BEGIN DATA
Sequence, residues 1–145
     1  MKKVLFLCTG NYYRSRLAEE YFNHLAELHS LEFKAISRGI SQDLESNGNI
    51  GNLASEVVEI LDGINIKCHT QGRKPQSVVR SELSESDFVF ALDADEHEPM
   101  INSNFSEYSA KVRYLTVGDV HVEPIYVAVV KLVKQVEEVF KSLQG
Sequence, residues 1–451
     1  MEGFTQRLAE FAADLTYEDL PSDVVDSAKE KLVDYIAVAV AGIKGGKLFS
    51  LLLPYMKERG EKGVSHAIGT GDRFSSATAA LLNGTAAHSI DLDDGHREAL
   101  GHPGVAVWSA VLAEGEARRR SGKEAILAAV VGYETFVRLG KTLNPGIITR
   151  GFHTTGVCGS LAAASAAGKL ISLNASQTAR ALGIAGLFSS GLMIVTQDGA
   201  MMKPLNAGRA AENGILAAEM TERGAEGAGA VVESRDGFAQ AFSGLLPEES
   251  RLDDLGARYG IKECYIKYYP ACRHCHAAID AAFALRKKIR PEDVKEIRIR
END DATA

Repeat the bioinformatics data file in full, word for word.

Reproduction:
Sequence, residues 1–145
     1  MKKVLFLCTG NYYRSRLAEE YFNHLAELHS LEFKAISRGI SQDLESNGNI
    51  GNLASEVVEI LDGINIKCHT QGRKPQSVVR SELSESDFVF ALDADEHEPM
   101  INSNFSEYSA KVRYLTVGDV HVEPIYVAVV KLVKQVEEVF KSLQG
Sequence, residues 1–451
     1  MEGFTQRLAE FAADLTYEDL PSDVVDSAKE KLVDYIAVAV AGIKGGKLFS
    51  LLLPYMKERG EKGVSHAIGT GDRFSSATAA LLNGTAAHSI DLDDGHREAL
   101  GHPGVAVWSA VLAEGEARRR SGKEAILAAV VGYETFVRLG KTLNPGIITR
   151  GFHTTGVCGS LAAASAAGKL ISLNASQTAR ALGIAGLFSS GLMIVTQDGA
   201  MMKPLNAGRA AENGILAAEM TERGAEGAGA VVESRDGFAQ AFSGLLPEES
   251  RLDDLGARYG IKECYIKYYP ACRHCHAAID AAFALRKKIR PEDVKEIRIR